Gold, Bitcoin or DeFi: How can investors hedge against inflation?

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Bitcoin (BTC) was created after the financial crisis in 2008 and was set to tackle problems as a result of loose monetary policy. The creator of cryptocurrency Satoshi Nakamoto said in late 2008 that the supply of cryptocurrency is increasing “in the planned amount”, which “does not necessarily lead to inflation”.

The inflation rate of the cryptocurrency has been set, and the circulating offer is limited to 21 million coins, which are expected to be recovered by the year 2140. By that time, the Bitcoin inflation rate will fall to zero. On the other hand, there is no limited access to paper currency, and it can be printed to adjust monetary policy.

Expansive monetary policy, such as that pursued in most countries in the world in recent years, aims to expand the money supply by lowering interest rates and attracting central banks to quantitative easing.

For a long time, this expansionary monetary policy was assumed to lead to higher inflation, which was defined as a decline in the payment mechanism amid rising prices for goods and services. In November, US inflation rose to its highest level in 30 years, while eurozone inflation reached its highest level in 25 years when data were collected.

Cointelegraph contacted several industry experts to comment on these figures, and almost all pointed to expansive monetary policy. In an interview with the Cointelegraph, Chris Klein, COO and co-founder of the Bitcoin IRA crypto-retirement platform, said that inflation is not volatile and is forcing people to “look for options to protect their assets.”

Klein noted that while gold and real estate were strong alternatives, real estate prices are now “off the list” and gold “out of the reach of the average American.” He added that bitcoin is now part of an “inflation hedge” because the supply of bitcoin can not be controlled in the same way as the supply of fiat currencies.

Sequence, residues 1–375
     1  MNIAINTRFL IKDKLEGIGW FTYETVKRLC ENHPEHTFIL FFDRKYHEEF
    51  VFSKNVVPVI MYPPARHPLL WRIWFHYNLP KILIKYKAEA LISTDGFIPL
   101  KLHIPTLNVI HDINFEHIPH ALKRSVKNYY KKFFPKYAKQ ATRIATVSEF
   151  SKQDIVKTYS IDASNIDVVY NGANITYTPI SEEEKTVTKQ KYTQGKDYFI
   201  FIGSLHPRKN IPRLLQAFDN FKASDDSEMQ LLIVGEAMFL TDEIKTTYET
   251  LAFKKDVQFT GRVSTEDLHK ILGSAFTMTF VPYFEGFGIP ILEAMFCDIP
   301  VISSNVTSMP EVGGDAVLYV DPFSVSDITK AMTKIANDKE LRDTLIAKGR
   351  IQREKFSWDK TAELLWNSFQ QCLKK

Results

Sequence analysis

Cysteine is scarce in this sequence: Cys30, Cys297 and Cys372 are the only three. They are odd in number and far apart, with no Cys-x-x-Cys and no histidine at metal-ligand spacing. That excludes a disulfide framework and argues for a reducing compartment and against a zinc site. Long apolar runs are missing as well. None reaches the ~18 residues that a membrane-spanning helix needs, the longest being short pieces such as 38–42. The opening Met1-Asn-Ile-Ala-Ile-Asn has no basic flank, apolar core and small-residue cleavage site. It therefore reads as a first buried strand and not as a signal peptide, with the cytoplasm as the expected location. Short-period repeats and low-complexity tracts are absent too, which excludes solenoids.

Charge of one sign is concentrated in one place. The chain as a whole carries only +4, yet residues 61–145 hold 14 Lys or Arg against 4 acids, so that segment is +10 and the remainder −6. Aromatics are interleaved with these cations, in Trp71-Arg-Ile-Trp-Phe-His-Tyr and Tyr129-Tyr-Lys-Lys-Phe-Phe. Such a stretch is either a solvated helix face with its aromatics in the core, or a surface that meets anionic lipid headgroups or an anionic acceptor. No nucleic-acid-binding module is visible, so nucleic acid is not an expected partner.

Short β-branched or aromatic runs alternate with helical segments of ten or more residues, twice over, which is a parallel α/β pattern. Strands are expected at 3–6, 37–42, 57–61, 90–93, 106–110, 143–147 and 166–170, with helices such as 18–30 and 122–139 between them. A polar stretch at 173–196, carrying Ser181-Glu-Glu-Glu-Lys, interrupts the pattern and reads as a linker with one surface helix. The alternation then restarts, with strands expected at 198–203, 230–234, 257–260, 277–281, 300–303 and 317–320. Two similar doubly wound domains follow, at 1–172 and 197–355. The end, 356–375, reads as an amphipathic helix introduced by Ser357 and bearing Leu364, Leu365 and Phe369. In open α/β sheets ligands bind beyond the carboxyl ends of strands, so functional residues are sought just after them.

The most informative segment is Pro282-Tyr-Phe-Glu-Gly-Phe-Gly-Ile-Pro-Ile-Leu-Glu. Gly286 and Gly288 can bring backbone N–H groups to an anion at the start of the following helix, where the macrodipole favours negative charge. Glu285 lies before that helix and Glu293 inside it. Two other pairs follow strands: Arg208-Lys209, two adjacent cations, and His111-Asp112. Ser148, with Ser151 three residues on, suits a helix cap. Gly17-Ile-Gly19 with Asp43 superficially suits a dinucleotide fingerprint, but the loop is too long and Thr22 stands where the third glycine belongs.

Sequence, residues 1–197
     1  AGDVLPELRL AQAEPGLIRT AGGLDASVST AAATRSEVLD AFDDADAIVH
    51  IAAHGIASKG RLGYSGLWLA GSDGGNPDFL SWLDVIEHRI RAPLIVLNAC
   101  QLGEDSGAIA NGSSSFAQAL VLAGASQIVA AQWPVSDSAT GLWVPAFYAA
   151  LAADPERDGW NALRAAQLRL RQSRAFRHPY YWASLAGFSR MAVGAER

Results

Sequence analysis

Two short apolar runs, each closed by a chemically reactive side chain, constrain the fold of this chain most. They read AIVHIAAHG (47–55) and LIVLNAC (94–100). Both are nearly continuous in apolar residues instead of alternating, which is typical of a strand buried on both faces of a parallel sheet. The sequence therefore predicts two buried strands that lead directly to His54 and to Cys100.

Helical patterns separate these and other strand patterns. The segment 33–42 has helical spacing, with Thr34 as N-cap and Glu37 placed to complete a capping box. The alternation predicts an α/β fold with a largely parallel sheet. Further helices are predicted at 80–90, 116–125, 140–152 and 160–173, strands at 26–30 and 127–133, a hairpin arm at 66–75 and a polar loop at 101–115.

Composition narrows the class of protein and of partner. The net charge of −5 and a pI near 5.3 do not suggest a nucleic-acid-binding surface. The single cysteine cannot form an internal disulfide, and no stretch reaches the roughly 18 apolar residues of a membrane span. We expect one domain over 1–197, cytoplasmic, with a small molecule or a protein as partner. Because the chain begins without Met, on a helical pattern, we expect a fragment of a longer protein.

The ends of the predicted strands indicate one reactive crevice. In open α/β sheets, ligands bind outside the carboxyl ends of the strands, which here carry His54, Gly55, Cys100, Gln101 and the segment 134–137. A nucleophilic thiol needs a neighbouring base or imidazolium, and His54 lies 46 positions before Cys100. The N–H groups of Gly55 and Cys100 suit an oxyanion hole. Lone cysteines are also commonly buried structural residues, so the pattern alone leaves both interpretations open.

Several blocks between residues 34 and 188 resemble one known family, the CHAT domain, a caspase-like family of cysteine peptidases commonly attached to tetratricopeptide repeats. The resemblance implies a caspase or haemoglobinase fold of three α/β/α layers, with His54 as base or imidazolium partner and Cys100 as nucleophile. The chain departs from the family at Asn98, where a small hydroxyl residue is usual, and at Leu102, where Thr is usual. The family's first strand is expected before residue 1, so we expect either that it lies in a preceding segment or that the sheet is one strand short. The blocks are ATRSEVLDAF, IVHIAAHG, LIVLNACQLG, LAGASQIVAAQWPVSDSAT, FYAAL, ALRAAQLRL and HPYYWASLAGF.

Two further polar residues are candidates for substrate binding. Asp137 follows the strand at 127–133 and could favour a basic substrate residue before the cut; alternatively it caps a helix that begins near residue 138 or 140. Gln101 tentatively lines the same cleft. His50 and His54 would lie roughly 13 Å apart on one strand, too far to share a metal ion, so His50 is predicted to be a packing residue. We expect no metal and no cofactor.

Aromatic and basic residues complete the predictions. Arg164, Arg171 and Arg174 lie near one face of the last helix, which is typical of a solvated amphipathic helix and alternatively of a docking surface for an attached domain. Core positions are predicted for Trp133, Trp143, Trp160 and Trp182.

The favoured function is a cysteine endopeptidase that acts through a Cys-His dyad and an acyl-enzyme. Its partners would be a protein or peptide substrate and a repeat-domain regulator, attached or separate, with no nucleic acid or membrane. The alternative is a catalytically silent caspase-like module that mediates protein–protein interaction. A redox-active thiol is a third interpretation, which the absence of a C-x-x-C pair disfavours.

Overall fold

Martha Reyes, head of research at the cryptocurrency exchange Bequant, spoke to Cointelegraph, noting that the market has reacted quickly to the latest inflation data, and assessed potential interest rate increases from central banks. According to Reyes, “the main reason for such high inflation rates is the large increase in the money supply, because the pandemic has created trillions of dollars of new money.”

Historically, gold was used as a hedge against inflation. Bitcoin and other cryptocurrencies are often referred to as “Gold 2.0” because they have features that can make it a digital version of the precious metal.

Cryptography as a solution to inflation
Cryptocurrencies are known for their extreme volatility, with disruptions of up to 50% occurring over short periods, even for premium cryptocurrency groups. This type of volatility has led many to question whether Bitcoin and other cryptocurrencies can be a viable inflation hedge.

In a note sent to customers, strategists at Wall Street banking giant JPMorgan suggested that a 1% portfolio allocation for bitcoin could act as a hedge against volatility in traditional asset classes. Billionaire investor Carl Icahn has also supported BTC as a hedge against inflation.

Adrian Collodi, founder of the non-existent decentralized exchange Domination Finance, reiterated in a conversation with Cointelegraph Klein’s view that bitcoin is the answer to inflation, but noted that there are other ways to hedge against inflation in the crypto space.

Dix cited the decentralized financial sector (DeFi) as a viable alternative. He suggested that by taking advantage of stablecoins – price-controlled cryptocurrencies – and decentralized applications (DApps), investors could “circumvent inflation” by resisting “spot risk”. To do this, they only need to find a way to earn interest on their stablecoins. . which exceeds the annual inflation rate. Floors sa:

“The best way to look at this is that cryptocurrency gives you the flexibility to control your money in a variety of ways, instead of having it controlled by the federal government.”
Reyes noted that Bitcoin is “more attractive as a valuable asset than other commodities assets,” where increased demand can only be met by higher prices, not additional production.

Børsen’s head of research added that the cryptocurrency is in an “early adoption stage”, which means that it “is not closely correlated with other assets, and the increase should be due to halving cycles and growth” from the network.

She added that Bitcoin, as such, is more resilient in the face of an economic downturn, but in the event of a sharp market sale, it will probably also suffer in the beginning as some investors cut their positions across the board.

Source: CoinTelegraph

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